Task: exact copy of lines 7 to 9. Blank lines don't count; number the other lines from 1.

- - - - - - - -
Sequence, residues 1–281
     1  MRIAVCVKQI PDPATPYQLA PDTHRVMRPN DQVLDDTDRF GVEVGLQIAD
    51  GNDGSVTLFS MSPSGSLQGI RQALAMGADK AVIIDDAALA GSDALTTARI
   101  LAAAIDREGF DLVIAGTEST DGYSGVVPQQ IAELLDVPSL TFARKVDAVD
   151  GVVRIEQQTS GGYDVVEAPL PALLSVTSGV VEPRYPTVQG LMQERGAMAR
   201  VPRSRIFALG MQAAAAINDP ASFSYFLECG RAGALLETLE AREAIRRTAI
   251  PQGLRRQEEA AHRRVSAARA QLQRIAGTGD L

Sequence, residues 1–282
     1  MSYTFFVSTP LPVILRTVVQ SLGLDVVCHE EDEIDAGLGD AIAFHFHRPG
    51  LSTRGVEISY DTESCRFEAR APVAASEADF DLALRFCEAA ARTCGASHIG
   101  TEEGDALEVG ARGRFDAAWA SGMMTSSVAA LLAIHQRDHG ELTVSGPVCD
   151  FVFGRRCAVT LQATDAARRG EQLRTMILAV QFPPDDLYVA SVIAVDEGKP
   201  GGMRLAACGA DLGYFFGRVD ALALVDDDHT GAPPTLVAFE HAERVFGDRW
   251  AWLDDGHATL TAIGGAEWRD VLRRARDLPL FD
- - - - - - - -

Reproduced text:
   251  PQGLRRQEEA AHRRVSAARA QLQRIAGTGD L

Sequence, residues 1–282
     1  MSYTFFVSTP LPVILRTVVQ SLGLDVVCHE EDEIDAGLGD AIAFHFHRPG